The concentration of the applied dose, the surface area of the body, and the elapsed time the chemical is on the skin are the main considerations affecting absorption. As the concentration of a drug is increased, the total amount absorbed into the skin and body also increases. Increasing the surface area of the applied dose also increases penetration.
Penetration occurs over time. The longer the substance is on the skin, the greater the chance for continued penetration. The total amount of a drug absorbed during a 24-hour period may be different for a single application as opposed to the same amount applied in divided doses. In other words, applying a medicine once a day in the morning delivers a different concentration as opposed to applying a medicine 3 times a day 8 hours apart.
Herbal poultices, therapeutic baths, steam and dry saunas, transdermal patches, transdermal magnesium and transdermal iodine therapy rely on the permeability of the skin for either introducing substances into systemic circulation via the skin or mucous membranes, or for drawing toxic substances out of the system via the eliminative channels of perspiration.
When using transdermal medicines one has to be aware that:
Applying more of a substance
increases the amount absorbed.
Penetration will stop generally when the skin is saturated. Absorption into the bloodstream is also increased if the concentration of a substance is higher and if more body is covered. Obviously the skin of infants is more prone to absorption than those of adults. Occluded (skin that has been covered) or well-hydrated skin is easier to penetrate than nonoccluded or dry skin.
There are many things that affect skin absorption. Absorption occurs by distribution around and through the cells that make up the skin. Some absorption takes place along hair follicles or through sweat ducts. Skin thickness and barrier accessibility are different in various areas so absorption rates will vary in different parts of the body. For example, hydrocortisone (a synthetic preparation used in the treatment of inflammations, allergies and itching) is absorbed through the skin 6 times better on the forehead than on the arm, and 44 times better on the scrotum.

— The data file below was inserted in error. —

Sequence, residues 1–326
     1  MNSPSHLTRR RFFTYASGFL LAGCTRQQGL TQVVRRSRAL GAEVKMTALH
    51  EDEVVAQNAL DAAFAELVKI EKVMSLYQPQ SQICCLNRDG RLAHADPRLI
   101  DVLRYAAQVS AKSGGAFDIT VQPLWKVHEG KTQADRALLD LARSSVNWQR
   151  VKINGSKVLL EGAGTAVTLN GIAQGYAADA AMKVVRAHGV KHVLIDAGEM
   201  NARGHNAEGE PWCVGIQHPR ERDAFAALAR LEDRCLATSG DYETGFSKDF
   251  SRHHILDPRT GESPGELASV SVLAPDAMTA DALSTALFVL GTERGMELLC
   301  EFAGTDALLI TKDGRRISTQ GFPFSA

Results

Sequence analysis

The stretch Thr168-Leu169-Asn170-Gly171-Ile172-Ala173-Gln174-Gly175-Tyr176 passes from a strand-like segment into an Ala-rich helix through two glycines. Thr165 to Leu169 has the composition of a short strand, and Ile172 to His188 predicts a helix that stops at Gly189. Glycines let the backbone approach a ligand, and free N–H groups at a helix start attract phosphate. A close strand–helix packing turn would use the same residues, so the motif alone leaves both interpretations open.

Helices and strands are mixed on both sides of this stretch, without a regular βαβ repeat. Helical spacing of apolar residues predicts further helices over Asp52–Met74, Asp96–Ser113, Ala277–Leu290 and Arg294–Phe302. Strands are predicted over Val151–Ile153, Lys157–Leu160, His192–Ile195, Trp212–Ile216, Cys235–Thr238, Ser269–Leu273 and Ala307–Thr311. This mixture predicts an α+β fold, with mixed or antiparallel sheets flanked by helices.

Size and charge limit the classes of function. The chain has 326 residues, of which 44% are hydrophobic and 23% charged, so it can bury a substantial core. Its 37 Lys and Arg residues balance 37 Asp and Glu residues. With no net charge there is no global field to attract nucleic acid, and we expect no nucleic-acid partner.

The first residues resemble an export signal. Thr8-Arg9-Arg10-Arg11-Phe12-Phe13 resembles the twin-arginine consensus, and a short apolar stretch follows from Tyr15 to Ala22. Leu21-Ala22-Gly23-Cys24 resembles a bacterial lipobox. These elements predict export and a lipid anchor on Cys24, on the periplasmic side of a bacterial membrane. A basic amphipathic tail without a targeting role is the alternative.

The physical condition of the skin at the point of external application is another significant variable. The skin of an infant or child is more permeable than that of adults. The skin over the organs in decreasing order of permeability is genitals, head and neck, trunk, arm and leg.Skin abrasion allows a locally applied substance to come directly in contact with subcutaneous tissue and blood vessels. Absorption is at a much higher rate than in healthy skin. Inflammation leaves the skin leaky and allows larger molecules to be absorbed.
Transdermal Medicine and Medicinal Baths
On page 201 of my Transdermal Magnesium Therapy book I recommend 2-8 oz (56,6 -226,4 g) Magnesium Oil for a full body bath (ca 100liter) The % Magnesium in the bath is then only 45-180 mg/l magnesium. One has to forgive me the experience of living in the semi-tropics in Brazil where bath tubs are rare. My experiences of the use of magnesium chloride has been, until recently, restricted to direct application on the skin and of course to now using the exceptionally pure Ancient Minerals magnesium oil for oral use, eye washes, aerosol and douches.
It is now my professional opinion that my initial recommendations for baths were very low. It is easy to begin to understand when we take normal seawater as a benchmark. Open seawater already has a content of 1300 mg/l Magnesium. Physics clearly tells us that the driving force behind transdermal intake is the concentration gradient. The concentration of magnesium in the pure magnesium oil is about 80,000 mg/l and when you apply that directly on the skin, intake rate is very high. But in the case of a bath application my new recommendation needs to be brought up to somewhere between 1500 and 5000 mg/l magnesium (1 to 4 times the sea concentration). Dead Sea and other salty lake therapies have a concentration up to 40,000 mg/l magnesium and people bathe every day in these waters.